The molecular underpinnings of invasion, a hallmark of cancer, have been defined in terms of individual mediators but crucial interactions between these mediators remain undefined. In xenograft models and patient specimens, we identified a c-Met/β1 integrin complex that formed during significant invasive oncologic processes: breast cancer metastases and glioblastoma invasive resistance to antiangiogenic VEGF neutralizing antibody, bevacizumab. Inducing c-Met/β1 complex formation through an engineered inducible heterodimerization system promoted features crucial to overcoming stressors during metastases or antiangiogenic therapy: migration in the primary site, survival under hypoxia, and extravasation out of circulation. c-Met/β1 complex formation was up-regulated by hypoxia, while VEGF binding VEGFR2 sequestered c-Met and β1 integrin, preventing their binding. Complex formation promoted ligand-independent receptor activation, with integrin-linked kinase phosphorylating c-Met and crystallography revealing the c-Met/β1 complex to maintain the high-affinity β1 integrin conformation. Site-directed mutagenesis verified the necessity for c-Met/β1 binding of amino acids predicted by crystallography to mediate their extracellular interaction. Far-Western blotting and sequential immunoprecipitation revealed that c-Met displaced α5 integrin from β1 integrin, creating a complex with much greater affinity for fibronectin (FN) than α5β1. Thus, tumor cells adapt to microenvironmental stressors induced by metastases or bevacizumab by coopting receptors, which normally promote both cell migration modes: chemotaxis, movement toward concentrations of environmental chemoattractants, and haptotaxis, movement controlled by the relative strengths of peripheral adhesions. Tumor cells then redirect these receptors away from their conventional binding partners, forming a powerful structural c-Met/β1 complex whose ligand-independent cross-activation and robust affinity for FN drive invasive oncologic processes.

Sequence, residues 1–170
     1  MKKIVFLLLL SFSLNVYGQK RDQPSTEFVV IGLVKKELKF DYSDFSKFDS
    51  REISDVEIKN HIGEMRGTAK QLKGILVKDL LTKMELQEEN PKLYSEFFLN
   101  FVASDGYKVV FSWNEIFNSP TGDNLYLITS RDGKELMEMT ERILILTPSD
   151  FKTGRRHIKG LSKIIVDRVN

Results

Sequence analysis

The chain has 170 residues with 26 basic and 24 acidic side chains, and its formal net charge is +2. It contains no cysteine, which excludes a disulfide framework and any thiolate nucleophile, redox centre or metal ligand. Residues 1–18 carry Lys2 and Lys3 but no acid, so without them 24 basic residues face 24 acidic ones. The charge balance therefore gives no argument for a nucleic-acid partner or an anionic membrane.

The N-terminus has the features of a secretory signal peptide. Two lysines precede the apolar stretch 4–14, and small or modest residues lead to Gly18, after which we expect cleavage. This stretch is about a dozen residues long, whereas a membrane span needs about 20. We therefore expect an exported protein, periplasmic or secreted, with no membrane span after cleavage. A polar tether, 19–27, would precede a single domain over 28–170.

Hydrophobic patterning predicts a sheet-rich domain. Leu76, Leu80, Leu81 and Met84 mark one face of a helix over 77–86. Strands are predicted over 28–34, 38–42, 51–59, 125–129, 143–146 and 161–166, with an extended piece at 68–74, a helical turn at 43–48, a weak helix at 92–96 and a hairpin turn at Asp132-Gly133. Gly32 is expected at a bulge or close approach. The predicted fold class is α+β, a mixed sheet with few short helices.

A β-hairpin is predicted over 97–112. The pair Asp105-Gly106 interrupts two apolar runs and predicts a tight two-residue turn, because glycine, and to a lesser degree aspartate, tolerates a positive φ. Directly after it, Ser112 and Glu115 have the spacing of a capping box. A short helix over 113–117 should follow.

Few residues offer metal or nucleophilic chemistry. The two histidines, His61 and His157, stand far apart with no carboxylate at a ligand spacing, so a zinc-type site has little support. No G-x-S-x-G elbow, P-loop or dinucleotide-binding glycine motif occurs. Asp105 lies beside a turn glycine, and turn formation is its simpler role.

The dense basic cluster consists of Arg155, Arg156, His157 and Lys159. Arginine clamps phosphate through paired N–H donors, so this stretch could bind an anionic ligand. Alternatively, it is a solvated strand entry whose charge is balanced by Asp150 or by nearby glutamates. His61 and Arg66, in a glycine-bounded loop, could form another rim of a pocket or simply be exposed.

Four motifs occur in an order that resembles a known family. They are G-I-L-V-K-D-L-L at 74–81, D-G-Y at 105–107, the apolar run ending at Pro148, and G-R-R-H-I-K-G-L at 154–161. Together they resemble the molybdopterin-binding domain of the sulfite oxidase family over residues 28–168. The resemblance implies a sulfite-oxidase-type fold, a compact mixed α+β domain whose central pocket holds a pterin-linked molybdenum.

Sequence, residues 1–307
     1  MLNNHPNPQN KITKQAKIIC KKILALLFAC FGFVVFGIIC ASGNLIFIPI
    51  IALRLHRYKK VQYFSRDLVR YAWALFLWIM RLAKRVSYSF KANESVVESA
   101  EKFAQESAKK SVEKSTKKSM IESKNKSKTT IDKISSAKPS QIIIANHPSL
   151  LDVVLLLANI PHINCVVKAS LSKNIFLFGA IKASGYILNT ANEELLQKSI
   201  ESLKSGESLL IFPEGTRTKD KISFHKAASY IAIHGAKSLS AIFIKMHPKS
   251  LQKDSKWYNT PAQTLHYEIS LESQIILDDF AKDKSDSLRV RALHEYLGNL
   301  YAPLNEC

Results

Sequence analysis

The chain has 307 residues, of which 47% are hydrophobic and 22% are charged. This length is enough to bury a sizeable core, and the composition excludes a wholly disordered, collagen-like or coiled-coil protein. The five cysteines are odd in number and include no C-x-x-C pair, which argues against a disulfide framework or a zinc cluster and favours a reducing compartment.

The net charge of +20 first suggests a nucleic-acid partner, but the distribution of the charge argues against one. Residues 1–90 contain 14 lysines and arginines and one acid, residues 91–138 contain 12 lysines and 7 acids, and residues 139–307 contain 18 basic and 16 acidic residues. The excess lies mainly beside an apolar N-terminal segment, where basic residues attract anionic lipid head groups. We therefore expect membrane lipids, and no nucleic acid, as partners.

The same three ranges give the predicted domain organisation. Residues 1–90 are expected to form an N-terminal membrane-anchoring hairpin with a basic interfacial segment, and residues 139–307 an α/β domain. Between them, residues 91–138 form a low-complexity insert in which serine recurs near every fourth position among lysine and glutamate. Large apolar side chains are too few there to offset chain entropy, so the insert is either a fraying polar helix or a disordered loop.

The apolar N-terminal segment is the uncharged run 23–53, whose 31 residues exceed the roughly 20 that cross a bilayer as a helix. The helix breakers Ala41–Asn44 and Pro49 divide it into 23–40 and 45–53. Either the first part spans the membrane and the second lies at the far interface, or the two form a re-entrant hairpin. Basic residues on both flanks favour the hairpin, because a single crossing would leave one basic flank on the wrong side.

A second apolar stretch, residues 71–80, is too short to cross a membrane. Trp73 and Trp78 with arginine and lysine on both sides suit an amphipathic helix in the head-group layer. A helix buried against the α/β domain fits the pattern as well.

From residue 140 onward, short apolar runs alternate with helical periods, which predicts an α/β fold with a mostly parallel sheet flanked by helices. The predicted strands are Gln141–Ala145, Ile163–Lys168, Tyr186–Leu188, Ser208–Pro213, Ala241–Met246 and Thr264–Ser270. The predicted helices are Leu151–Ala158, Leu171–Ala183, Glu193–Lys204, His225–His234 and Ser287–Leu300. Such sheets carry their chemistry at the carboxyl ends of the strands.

|Original language||American English|
|Journal||Proceedings of the National Academy of Sciences of the United States of America|
|State||Published - 10 Oct 2017|
Bibliographical noteFunding Information:
ACKNOWLEDGMENTS. Work was supported by grants to M.K.A.’s laboratory from American Brain Tumor Association, James S. McDonnell Foundation, American Cancer Society, NIH (5K02NS64167 and 1 R01 NS079697), UCSF Brain Tumor Specialized Program of Research Excellence (SPORE) Grant CA097257, and UCSF Resource Allocation Program. A.J. was a Howard Hughes Medical Institute fellow and is supported by NIH Grant 1F31CA203372-01.
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